Not a great lasting legacy prior to going lame.
My farrier was positive that all Jobber was suffering from was an unlucky combination of stone bruises: he had been slightly off on the right front, conveniently the day before he was due for a reset anyway. The hoof testers revealed a sensitive area that wasn’t abscessing so Jobber got some time off; when that bruise finally healed up about a week later, I went on a grand total of two rides before confirming that Jobber didn’t feel quite right, again. This time, he was lame on the left front, and another panicked call to the farrier culminated in a second bruise diagnosis. How about that luck.
Yes, we can all remind each other that the Thoroughbred Makeover is a step in the journey, a rung of the ladder, just one small opportunity on the long road of a horse’s second career… but I had wanted this for so long. It wasn’t just a horse show to me, but the whole impetus for starting this OTTB adventure in the first place; it was my triumphant return to the show ring after years off just puttering around the farm. It represented my attempts to “do it right,” giving this Thoroughbred the best foundation possible for a happy, healthy life in which he could serve as an ambassador to his breed. I was so excited not only to meet all the other trainers I had been hanging out with on social media, but to ride and show alongside them and be part of the celebration.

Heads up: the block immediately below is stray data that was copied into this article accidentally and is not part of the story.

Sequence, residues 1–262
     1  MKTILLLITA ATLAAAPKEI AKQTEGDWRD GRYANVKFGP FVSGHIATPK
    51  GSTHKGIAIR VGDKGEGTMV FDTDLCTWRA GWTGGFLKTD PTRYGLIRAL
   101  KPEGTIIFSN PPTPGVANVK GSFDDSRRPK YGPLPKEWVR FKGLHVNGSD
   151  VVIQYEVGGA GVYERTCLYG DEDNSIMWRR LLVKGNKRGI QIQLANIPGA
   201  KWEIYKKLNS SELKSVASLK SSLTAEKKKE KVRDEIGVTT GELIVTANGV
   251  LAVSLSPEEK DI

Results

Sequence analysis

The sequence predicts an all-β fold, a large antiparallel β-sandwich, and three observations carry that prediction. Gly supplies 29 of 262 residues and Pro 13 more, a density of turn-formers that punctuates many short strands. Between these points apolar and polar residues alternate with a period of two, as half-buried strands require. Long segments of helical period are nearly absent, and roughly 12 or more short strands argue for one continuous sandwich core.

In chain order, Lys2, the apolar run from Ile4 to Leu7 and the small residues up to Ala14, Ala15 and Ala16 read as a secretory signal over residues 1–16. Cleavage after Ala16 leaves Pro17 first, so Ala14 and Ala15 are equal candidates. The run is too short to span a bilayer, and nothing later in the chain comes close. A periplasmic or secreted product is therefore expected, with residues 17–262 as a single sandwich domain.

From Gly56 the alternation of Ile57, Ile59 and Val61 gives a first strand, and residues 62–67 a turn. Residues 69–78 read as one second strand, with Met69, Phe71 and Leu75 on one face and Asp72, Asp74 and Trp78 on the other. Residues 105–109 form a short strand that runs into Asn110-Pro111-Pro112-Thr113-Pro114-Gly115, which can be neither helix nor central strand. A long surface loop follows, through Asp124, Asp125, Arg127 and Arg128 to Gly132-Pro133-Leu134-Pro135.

I had wanted to go so badly, and no matter how much I told myself that this show was just one step on the longer road, I was crushed, watching Jobber hobble around the layup paddock. We had worked so hard, and frankly I had been starting to feel that we deserved to go.
Days turned into weeks, and slowly Jobber improved. My attempts to line up a great lameness from out-of-state sadly fell through — I wanted to be absolutely certain we were working with stone bruises and not some other bigger, scarier problem — but Jobber continued to improve. I watched him like a hawk on the lunge line, and finally one day tentatively saddled him back up for a light ride, followed by another the next day, followed by a more intense ride. Jobber stayed sound. We were back.